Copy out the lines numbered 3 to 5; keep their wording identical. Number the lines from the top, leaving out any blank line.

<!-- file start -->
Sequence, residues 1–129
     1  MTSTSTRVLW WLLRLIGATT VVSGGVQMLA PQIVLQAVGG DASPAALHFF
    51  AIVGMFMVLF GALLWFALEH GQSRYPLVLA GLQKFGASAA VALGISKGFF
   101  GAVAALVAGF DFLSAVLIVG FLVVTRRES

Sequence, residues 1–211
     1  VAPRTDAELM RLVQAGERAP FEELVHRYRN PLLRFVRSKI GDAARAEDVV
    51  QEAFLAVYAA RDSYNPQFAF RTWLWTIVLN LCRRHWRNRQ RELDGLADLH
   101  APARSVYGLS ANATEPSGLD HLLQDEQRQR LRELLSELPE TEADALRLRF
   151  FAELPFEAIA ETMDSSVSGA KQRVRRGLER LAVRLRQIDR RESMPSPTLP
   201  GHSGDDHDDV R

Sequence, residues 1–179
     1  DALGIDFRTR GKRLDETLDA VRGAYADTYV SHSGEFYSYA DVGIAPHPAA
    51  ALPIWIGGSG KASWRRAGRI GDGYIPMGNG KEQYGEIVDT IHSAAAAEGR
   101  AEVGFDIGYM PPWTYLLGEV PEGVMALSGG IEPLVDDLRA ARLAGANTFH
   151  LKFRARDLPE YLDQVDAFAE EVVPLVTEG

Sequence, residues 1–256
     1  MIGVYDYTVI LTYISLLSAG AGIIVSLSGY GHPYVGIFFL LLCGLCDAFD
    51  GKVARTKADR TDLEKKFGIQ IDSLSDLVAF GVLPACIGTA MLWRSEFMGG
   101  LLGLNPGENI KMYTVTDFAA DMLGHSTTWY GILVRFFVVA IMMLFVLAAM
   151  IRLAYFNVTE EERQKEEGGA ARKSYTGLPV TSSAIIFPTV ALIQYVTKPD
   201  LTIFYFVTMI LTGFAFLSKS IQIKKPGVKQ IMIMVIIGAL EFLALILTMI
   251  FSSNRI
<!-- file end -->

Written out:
    51  AIVGMFMVLF GALLWFALEH GQSRYPLVLA GLQKFGASAA VALGISKGFF
   101  GAVAALVAGF DFLSAVLIVG FLVVTRRES

Sequence, residues 1–211